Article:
As observed during September 2013
Planted in the border at ground level this liana from tropical South America and the West Indes will rapidly cover any support. Naturally reaching 30 metres it romps up into forest trees using the strength of the trees branch framework as support.
The flowers are exceptional, in form, colour and scent but short lived. The buds etiolate, swell like puffed up nostrils and burst open. Five anther pads are covered in ash brown pollen which sheds onto the cream yellow, striated brown, inner corolla. To experience the headiest scent visit during the late evening or night when the chalice shaped corolla amplifies the scent. The pistil protrudes out with the edge of the fused corolla. This, the longest lasting part of the flower, remains as a wand held between the sepals.
Relegated to the back of our memories during the past dismal summers and severe winters, a Fig tree has cropped well this year. A handsome specimen, Ficus carica, is on a south west wall it has produced a crop in this warm dry season. Though the fruit may not be as plump as those bought in a Turkish market.
A much branched deciduous wall shrub with us, reaching 5 metres in height and more than this in spread. The foliage is deeply lobed and large, 250m x 250mm. The immature figs are held tight in the leaf axils of this year’s and the previous year’s growth. Individual flowers are held within what becomes the skin of the fruit and are all female. On ripening the stalk elongates and the fruit adopts a hanging position.
We now rely on a temperate winter allowing the immature flower buds to survive the cold and wet then swell to maturity in late summer 2014.
In warmer climates two or three crops are possible through the year. We must consider ourselves lucky to pick fresh figs as they do not travel well and grown commercially, the majority are dried then sent to market.
A late Lilium
Lilium leichtlinii var. maximowiczii; tall growing and bright of flower. A welcome splash of colour in the woodland area at the start of autumn. At a height touching two metres this is a giant Asiatic Lilium. The scaly white bulbs revel in a well-drained soil. Preferring sun to shade these plants can be found in a raised section of the peat walls. The pendulous flowers are composed of reflexed orange petals, spattered with brown spots. The anthers hang proud of the flower on extended filaments. This is a reliable flowering species to consider where space is not a limiting factor.
Colour combo in the potager
In the attached image can be seen: Rudbeckia hirta ‘Prairie Sun’, Centaurea cyanus ‘Blue Boy’, Kale ‘Redbor’, Hordeum jubatum, Cosmos ‘Purity’ Other species and cultivars are growing through the circular bed and attracting all manner of pollinating insects.
Colour, form and thus combination make for a good planting display. Movement is the third aspect, often missing, from a planting scheme. With the two grasses, (Hordeum and Pennisetum villosum ‘Cream Falls’), both light of stem, the slightest breeze adds movement to this sucessful planting scheme.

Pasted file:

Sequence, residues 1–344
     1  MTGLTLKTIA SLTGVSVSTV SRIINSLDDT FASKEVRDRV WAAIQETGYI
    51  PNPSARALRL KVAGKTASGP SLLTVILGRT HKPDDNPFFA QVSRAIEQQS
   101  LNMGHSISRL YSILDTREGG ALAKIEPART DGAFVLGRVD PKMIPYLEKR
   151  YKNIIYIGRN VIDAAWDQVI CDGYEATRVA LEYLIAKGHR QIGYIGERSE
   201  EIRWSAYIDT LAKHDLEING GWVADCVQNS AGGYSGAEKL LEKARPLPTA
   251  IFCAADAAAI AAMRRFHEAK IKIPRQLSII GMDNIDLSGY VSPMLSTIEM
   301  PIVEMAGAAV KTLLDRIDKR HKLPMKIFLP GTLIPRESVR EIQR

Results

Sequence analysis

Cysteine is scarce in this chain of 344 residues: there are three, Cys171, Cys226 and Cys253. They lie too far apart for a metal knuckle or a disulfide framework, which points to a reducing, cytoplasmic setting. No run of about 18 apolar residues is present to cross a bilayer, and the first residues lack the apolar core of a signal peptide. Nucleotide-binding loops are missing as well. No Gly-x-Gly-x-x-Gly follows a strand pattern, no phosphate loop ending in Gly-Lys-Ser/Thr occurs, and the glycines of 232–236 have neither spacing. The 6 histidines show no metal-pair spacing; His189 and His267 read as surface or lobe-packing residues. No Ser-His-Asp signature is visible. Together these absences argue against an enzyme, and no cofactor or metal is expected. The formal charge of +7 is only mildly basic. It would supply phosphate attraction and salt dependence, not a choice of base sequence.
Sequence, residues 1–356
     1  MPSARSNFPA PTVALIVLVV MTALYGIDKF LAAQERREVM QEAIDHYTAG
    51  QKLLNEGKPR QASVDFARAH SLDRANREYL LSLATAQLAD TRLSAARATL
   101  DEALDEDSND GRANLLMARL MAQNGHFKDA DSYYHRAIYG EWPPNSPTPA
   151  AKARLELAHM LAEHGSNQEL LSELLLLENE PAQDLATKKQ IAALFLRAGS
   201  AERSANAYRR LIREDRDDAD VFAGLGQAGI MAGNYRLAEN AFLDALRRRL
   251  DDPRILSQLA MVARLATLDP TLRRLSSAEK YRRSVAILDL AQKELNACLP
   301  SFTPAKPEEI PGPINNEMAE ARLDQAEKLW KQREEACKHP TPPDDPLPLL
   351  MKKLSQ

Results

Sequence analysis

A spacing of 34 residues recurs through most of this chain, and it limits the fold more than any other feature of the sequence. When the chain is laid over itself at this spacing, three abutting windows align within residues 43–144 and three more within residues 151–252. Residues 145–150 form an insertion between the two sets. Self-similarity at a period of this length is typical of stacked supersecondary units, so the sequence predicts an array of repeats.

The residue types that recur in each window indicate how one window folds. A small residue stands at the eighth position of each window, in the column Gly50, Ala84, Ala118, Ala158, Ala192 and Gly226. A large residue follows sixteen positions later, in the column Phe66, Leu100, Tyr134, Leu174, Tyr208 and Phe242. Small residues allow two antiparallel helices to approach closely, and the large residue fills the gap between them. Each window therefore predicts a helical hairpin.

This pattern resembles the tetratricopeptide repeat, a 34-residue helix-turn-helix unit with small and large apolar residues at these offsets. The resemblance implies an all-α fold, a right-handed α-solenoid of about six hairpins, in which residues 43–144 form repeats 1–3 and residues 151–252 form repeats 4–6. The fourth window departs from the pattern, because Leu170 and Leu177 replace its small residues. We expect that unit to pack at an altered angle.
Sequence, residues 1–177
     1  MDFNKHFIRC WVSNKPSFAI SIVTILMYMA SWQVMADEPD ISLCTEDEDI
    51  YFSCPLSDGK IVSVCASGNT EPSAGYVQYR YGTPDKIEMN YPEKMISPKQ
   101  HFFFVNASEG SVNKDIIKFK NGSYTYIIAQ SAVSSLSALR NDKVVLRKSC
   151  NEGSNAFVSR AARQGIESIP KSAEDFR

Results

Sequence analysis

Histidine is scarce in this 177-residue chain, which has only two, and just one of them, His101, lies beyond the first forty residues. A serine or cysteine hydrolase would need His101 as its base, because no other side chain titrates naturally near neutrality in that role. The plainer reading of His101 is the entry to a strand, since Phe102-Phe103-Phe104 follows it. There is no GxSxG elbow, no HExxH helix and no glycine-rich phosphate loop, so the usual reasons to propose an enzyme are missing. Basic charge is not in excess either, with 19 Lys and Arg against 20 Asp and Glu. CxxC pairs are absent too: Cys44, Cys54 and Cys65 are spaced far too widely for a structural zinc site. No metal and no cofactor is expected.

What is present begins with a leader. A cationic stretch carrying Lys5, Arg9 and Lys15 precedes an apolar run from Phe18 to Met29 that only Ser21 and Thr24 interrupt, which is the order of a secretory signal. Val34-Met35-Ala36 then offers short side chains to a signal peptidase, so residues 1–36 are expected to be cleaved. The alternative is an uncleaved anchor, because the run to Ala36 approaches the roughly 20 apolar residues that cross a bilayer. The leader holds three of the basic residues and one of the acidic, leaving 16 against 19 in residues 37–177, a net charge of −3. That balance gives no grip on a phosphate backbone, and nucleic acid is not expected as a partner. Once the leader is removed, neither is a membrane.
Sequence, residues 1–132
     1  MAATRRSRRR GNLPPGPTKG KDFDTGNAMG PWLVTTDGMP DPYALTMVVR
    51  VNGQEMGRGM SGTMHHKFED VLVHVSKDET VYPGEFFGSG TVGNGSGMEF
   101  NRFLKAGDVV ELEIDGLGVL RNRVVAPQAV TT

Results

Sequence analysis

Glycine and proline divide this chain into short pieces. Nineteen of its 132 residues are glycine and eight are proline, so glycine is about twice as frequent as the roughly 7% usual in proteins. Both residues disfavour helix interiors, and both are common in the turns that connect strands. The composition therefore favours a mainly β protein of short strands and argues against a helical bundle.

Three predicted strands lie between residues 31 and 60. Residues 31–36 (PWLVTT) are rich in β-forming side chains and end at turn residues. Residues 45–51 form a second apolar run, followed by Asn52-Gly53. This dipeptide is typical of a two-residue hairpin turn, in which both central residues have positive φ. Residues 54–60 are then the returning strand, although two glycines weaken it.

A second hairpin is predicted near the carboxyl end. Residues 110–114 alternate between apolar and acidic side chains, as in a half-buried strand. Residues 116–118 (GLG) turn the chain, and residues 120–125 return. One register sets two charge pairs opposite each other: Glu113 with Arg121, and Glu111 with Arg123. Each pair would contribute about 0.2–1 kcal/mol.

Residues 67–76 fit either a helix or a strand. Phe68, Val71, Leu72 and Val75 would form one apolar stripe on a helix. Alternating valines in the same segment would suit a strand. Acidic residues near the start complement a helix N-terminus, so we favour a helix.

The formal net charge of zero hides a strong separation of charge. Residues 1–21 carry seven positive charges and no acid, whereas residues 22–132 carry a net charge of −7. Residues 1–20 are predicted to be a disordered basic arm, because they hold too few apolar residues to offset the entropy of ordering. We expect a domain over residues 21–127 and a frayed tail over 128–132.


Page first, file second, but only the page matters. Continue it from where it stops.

As observed during September 2012
“The Apprentices Potager”
Growth was held back this year due to the coolness of the season and low sunlight levels. The brassicas were almost stripped of their leaves by Pigeons.
Height is provided by Sweet Pea cultivars ‘Matucana’ and ‘Almost Black’. Carrot ‘Black Night’ and the smooth leaves of Beetroot ‘Bulls Blood’ adding foliage shape texture and colour. Look out for the Pea ‘Purple Podded’, dark black pods contains seed of a contrasting paleness, yet with the sweet taste of the best garden pea.
Passiflora vitifolia a native to Central America. A sturdy and vigorous plant that soon covers a sizeable section of the Orchid and Cycad glasshouse it is growing in. The specific epithet gives a clue to the foliage shape; resembling that of a Vitis. Tightly wound tendrils in the leaf axils gain support for the long scandent growth from adjacent plants.
The genus Passiflora has flowers of intricate shape. These are like three dimensional puzzles; when fully formed it is scarcely believable that all of the flower parts are capable of fitting within the bud. Within the base of the flower beneath the profusion of white filaments, which form the corona, is a reservoir of sweet nectar.
Brightness to end a poor summer
Distinct in the south facing border of the Front Range this native to Eastern South Africa is a show stopper. The orange red flowers open gradually from the base of the spike to the tip resulting in a long spell of colour.
The sword like foliage shoots out from a corm, these can be divided to increase the size of the clump. Needing a well drained soil and a sunny position to give of its best. When established and in flower the spikes reach one metre or more in height.
Large Ligustrum; yet compactum
There is a huge specimen of Ligustrum compactum on the hillside, striving upwards to maximise exposure to the light. It is presently covered in terminal panicles of white flowers giving off the rich scent associated with this genus. Pass an overgrown Privit (Ligustrum sp.) hedge and this scent will pervade around during the flowering season.
Collected by Roland Edgar Cooper in 1914 while travelling in the wooded valleys near Thimpu, Bhutan. Here it grows as understory in woodland at c.2500m. In Edinburgh it has formed a sturdy trunk with a wide open canopy. Nothing compact about the specimen and definitely not one to use as a hedging plant.